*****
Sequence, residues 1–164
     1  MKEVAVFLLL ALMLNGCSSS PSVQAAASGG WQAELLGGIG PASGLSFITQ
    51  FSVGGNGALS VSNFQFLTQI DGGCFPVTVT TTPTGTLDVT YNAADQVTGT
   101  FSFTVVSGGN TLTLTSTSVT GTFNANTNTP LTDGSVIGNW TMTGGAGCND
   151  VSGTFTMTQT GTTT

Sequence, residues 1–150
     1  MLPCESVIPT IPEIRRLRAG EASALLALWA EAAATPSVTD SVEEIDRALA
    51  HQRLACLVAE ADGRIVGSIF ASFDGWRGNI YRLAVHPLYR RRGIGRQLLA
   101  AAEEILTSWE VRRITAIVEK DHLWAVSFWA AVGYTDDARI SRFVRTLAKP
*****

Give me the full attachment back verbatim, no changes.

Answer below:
Sequence, residues 1–164
     1  MKEVAVFLLL ALMLNGCSSS PSVQAAASGG WQAELLGGIG PASGLSFITQ
    51  FSVGGNGALS VSNFQFLTQI DGGCFPVTVT TTPTGTLDVT YNAADQVTGT
   101  FSFTVVSGGN TLTLTSTSVT GTFNANTNTP LTDGSVIGNW TMTGGAGCND
   151  VSGTFTMTQT GTTT

Sequence, residues 1–150
     1  MLPCESVIPT IPEIRRLRAG EASALLALWA EAAATPSVTD SVEEIDRALA
    51  HQRLACLVAE ADGRIVGSIF ASFDGWRGNI YRLAVHPLYR RRGIGRQLLA
   101  AAEEILTSWE VRRITAIVEK DHLWAVSFWA AVGYTDDARI SRFVRTLAKP